John Emerson’s Dao.

From John Emerson’s FB post:

I’ve been studying Classical Chinese and especially the Daodejing for 45 years now, and during the 1990s I even published a few articles about it in legit academic journals. For a couple years now I’ve been gathering and editing my writings with the eventual goal of book publication. I now have a few things ready to go and more will follow.

To begin with, I have an edited text and translation. There are over 300 English translations of the Daodejing available and any new translation makes people ask “Why?” But my version is very substantially different than any earlier version, and I claim that in these respects it is better. To begin with, I have revised the Chinese text with an eye to 4 texts, much older than the traditional Wang Bi text, which have been unearthed by archaeologists in recent decades which are. My goal has not been to reconstruct the “original Daodejing” but to produce an eclectic composite text which lacks the various problems and inconsistencies that each individual text has, and when possible to find new (to us) meanings which have been lost over time.

I have also rearranged the text of the Daodejing, which is acknowledged to be a chaotic hodgepodge, into intelligible historical-topical groups which stand in an intelligible relationship to one another. Most significantly, I have divided the Daodejing into two distinctly different parts, each amounting to about half the Daodejing, which I call Early Dao and Sage Dao. My thesis that the Daodejing is an anthology put together by the followers of “Sage Daoism”, and that about half of the book consists of writings of Early Dao authors who *did not mention the Sage at all*.

My explanation of the Early Dao / Sage Dao division is here. These are final versions, though I am open to editing and proofreading help. My main goal, however, is to find a publisher (or at least an agent). Please share this message and these links with anyone who you think might be interested. (My email address is at the links).

So if you know any agent or publisher who might be interested, do let him and/or me know; the Daodejing is endlessly interesting and needs as many interpretations as it can get.

Comments

  1. John Emerson says

    Thanks! I will add that my actual text and translation of “Early Dao” is here:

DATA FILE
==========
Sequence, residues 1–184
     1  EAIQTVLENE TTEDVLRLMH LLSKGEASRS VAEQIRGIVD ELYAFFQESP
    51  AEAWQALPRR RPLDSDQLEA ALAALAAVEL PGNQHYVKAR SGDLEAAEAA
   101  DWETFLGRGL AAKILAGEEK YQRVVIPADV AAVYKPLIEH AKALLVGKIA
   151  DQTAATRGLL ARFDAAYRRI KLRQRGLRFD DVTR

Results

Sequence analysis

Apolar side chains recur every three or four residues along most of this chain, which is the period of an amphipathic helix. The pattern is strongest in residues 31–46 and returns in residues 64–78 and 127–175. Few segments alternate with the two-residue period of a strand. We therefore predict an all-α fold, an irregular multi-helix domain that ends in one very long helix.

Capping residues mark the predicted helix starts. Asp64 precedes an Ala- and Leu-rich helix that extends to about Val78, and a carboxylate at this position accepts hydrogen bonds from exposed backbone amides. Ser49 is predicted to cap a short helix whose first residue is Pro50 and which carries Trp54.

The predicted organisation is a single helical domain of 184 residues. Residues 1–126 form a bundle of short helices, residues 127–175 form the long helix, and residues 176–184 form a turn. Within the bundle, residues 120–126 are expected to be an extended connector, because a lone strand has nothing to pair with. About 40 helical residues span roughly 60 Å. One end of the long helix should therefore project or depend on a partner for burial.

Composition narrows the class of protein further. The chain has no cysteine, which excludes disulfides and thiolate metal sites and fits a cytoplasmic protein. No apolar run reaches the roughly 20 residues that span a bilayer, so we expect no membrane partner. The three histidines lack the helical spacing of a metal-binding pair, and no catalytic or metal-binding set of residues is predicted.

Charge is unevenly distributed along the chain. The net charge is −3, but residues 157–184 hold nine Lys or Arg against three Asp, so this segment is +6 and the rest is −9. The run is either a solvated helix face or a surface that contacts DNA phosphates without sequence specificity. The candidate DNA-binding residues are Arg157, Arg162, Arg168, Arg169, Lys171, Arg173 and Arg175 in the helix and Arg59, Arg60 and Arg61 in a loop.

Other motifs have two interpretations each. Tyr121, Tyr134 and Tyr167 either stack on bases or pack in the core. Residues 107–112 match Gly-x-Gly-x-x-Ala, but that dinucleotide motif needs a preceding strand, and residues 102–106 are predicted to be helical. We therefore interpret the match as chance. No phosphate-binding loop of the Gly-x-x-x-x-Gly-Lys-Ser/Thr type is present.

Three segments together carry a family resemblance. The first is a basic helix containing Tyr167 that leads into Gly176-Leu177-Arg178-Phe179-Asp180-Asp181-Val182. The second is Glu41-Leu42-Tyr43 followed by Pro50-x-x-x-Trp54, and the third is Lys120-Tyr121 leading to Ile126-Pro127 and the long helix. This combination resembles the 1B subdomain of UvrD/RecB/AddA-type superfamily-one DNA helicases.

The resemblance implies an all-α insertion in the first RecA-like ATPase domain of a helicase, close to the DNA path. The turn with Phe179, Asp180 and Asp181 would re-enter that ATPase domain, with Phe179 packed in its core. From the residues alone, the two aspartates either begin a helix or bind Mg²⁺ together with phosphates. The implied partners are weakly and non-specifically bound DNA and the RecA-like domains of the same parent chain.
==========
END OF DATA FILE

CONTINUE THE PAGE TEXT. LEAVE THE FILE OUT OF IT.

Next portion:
https://emersonj.wordpress.com/early-dao-text-and-translation/

  2. Whew! I was afraid for a second that John Emerson had started a distributed autonomous organization.

  3. He could, but that would take precious time away from Chinese literature.

  4. David Marjanović says

    Oh, fascinating.

  5. Jen in Edinburgh says

    I keep reading it as ‘John Emerson’s Dad’

  6. David Eddyshaw says

    I can recommend a good optician in Edinburgh …

  7. What is the market for an “eclectic composite text” of an ancient work that has already given rise to a vast bibliography (much of which has never been translated into western languages)? Personally I prefer to read scholarly studies which add to my understanding of the historical context. I am currently reading ‘The Daodejing Commenary of Cheng Xuanying — Daoism, Buddhism and the Laozi in the Tang Dynasty’, an annotated translation by Friederike Assandri of a 7th century text not previously available in full in English.

  8. There seems to be an endless appetite for all things Dao-related; I see no reason why JE’s version couldn’t find an audience.

  9. First readers of the Chinese text of the Daodejing end up struggling with all kinds of word-substitutions and other inconsistencies and incoherences. I try to choose the most intelligible version of each passage while mentioning the various difficulties in notes. The Daodejing already had the messiest textual history of pretty much any well-known Chinese text even *before* four new texts were unearthed in the last 60 years, each of them including variants never seen before, some of which radically changed the meaning of the passage.

    I do take this history into account, as well as the DDJ’s relationship to contemporary and earlier thinkers (including such obscure figures as Shen Dao) and to the social and political context. What I did not do was try to establish textual lineages on the way to discovering the Urtext. I was using the resources I had to produce the most readable and intelligible possible text.